Finding Peace By Doing Less and Lingering More

As a teacher, I feel uncomfortable–or at least uneasy or slightly off-balance–in the classroom until I can look in each student’s eyes and call each student by name. I teach some large classes–from 40-85 students. The first day of class, when I enter the classroom, I feel distant and impersonal. In recent years, with laptops open and students sitting in auditorium style rows, I see only eyebrows and foreheads as I gaze toward the back of the room.  One of my colleagues calls this “teaching to eyebrows.”

I can’t teach to eyebrows. And so, I learn my students’ names so we can engage in class. I learn them so that when we pass by each other on the campus grounds, we can meet eyes and exchange hellos and engage in conversation. I learn their names so that, hopefully, they know, as individuals, that they matter to me.  It is up to me, as the teacher, to take the first steps, to create the atmosphere in the classroom and to enter into relationship with them.  It sometimes means that I teach less material as I engage the students more–but, as a brilliant teacher who I know once said, it is better to “teach less, better.”  The sacrifice of discarding some materials is worth the opportunity to engage students individually and, ultimately, more deeply.

The teacher’s podium, otherwise, is lonely. I need that relationship with my students. But, I imagine my students need the relationship with me, too. I know students sometimes feel invisible and distant, just as the teachers feel lonely and distant.  We need to connect and engage.

I imagine our pastors sometimes feel the same–lonely or distant–looking out on a sea of faces hundreds deep. They don’t have a seating chart like I do.  They can’t limit enrollment–nor do they hope to.  But, I imagine they feel lonely up there or disconnected from those they teach and lead in prayer.  I wonder if Christ felt that way too when He taught to the crowds of thousands.

As our pastor said yesterday, we need to “linger” in relationship and not worry so much about efficiency–not worry so much about getting things done. When I linger in relationship–with Christ and with others–and put aside my “to do list,” I find the peace that Christ offers. I do less–leave a few emails unanswered, a few dishes in the sink, a few weeds in the garden, a few chapters untaught.  But, I have peace, the peace Christ offers.  The peace the world of efficiency and tasks cannot offer.

I can’t teach to eyebrows.  I can’t find Christ or love or community in a “to do” list. Just like I need to “teach less, better,” I need to  “linger more, better” in my relationship with Christ and others.  There I will find Christ’s peace.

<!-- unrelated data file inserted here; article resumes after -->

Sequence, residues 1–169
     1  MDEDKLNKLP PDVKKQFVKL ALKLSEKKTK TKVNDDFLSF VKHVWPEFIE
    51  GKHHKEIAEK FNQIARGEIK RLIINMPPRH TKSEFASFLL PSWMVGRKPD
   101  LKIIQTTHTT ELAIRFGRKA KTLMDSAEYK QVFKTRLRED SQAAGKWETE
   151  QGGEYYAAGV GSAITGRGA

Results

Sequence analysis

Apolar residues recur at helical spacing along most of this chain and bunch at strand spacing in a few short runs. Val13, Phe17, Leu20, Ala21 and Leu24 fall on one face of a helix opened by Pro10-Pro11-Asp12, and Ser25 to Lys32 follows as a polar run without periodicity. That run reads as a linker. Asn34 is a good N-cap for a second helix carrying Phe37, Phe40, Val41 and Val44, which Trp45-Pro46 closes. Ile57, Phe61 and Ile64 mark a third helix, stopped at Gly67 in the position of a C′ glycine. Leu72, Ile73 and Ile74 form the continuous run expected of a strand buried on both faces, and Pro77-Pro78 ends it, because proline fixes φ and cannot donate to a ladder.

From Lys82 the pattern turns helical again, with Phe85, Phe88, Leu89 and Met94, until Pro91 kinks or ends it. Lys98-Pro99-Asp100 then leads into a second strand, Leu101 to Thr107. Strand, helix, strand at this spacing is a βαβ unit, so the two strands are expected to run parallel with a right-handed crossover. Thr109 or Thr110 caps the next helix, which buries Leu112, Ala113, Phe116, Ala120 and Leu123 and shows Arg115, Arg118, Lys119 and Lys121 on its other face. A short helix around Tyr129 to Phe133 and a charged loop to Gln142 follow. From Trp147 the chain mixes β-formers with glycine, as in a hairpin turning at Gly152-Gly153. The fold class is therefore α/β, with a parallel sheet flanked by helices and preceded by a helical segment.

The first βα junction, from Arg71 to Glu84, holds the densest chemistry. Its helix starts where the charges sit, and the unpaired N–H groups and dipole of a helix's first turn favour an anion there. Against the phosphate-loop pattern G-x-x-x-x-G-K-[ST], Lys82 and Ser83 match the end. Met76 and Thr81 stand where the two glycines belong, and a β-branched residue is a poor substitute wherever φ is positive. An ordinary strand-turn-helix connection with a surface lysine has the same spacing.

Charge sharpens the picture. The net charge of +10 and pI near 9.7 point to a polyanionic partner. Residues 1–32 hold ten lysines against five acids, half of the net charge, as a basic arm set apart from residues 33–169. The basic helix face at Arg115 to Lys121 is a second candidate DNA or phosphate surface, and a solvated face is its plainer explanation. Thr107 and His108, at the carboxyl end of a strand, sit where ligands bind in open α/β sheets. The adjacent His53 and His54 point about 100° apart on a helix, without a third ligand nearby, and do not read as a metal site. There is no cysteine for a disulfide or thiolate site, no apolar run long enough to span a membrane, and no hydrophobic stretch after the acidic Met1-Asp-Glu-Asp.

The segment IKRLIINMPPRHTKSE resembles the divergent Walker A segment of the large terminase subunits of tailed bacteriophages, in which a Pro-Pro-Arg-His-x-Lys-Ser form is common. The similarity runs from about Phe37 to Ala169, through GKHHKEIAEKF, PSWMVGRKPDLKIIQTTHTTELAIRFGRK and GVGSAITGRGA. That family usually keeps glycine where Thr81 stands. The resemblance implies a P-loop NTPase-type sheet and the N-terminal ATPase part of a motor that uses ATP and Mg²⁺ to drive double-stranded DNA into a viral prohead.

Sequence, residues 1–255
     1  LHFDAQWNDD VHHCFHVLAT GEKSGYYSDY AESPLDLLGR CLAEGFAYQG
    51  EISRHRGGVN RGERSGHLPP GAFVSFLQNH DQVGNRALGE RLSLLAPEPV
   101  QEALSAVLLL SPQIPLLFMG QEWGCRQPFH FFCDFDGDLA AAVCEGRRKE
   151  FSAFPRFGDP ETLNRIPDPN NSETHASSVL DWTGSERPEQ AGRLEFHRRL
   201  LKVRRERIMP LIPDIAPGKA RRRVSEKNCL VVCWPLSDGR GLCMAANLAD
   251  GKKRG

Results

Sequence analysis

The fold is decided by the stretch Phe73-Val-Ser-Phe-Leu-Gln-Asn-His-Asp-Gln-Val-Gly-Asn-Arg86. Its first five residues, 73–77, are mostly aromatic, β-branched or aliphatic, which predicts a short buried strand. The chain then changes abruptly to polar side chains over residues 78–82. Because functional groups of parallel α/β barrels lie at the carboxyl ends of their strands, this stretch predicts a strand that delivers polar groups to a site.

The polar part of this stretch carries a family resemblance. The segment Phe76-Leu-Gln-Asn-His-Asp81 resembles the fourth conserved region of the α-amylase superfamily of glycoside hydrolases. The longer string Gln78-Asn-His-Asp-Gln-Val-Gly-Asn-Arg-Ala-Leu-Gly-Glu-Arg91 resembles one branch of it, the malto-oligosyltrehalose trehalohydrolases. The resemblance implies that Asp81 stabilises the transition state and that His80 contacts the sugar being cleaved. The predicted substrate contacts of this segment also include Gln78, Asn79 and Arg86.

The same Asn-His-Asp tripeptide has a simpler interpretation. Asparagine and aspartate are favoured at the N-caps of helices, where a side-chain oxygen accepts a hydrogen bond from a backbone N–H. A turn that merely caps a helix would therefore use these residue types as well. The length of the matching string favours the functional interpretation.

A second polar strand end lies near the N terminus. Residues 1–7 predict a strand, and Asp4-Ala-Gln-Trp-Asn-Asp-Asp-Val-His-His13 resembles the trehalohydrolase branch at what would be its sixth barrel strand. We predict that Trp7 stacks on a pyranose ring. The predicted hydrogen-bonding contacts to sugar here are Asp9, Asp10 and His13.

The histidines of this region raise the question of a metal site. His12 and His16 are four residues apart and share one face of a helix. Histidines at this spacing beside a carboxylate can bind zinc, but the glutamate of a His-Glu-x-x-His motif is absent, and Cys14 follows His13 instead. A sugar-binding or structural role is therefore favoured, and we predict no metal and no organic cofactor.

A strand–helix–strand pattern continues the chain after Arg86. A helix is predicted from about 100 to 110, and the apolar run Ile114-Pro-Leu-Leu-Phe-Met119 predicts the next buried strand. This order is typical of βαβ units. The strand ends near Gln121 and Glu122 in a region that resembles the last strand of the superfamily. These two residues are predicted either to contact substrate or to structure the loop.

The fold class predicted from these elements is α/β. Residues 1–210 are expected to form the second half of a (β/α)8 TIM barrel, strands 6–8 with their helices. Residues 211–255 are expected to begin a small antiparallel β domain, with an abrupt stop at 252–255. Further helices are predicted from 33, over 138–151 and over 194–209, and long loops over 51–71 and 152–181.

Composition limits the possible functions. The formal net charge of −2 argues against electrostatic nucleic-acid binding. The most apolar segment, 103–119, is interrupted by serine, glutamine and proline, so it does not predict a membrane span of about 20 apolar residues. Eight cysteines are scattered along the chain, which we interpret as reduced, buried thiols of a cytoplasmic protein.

Peace I leave with you; my peace I give you. I do not give to you as the world gives. Do not let your hearts be troubled and do not be afraid.

John 14:27

–Godspeed, Elizabeth

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Posted on March 29, 2010, in Christianity, Faith, God, Teaching and tagged , , , , . Bookmark the permalink. 4 Comments.

  1. Elizabeth, I love the John 14 verse at the end of this. The world gives us to-do lists and guilt for not getting them done. Jesus gives us His peace! I tend to linger, and not get all the things on my to-do list done. Thanks for reminding me that it is okay sometimes.

    • Linda – Yes, guilt. I also have to throw off the guilt, which really is easier to throw off if I have had fulfilling conversation with others and time in God’s word and in prayer. I wrote previously about being intentional and even writing things on my to-do lists that aren’t tasks, but things like making observations about the world, taking time to stop and chat with people on the sidewalk and such. I have peace when I live more intentionally. Thanks for your comment. –Elizabeth

  2. Elizabeth,

    I am one of those people…with a to-do list of things which when left unattended make me feel as if I have miss out on something. But…thanks for the great lesson. It is better to do less and find peace and rest…than to do and yet find no true satisfaction. It reminds me of the story of Mary and Martha when Jesus was visiting their house.

    Blessings to you my dear,

    Gladwell

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